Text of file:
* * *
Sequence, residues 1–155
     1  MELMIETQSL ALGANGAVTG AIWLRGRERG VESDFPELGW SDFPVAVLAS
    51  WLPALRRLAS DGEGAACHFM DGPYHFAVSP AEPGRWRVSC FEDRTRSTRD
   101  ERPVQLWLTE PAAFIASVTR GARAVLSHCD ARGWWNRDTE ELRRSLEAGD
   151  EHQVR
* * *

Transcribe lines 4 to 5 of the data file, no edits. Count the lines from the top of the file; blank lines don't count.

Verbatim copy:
   101  ERPVQLWLTE PAAFIASVTR GARAVLSHCD ARGWWNRDTE ELRRSLEAGD
   151  EHQVR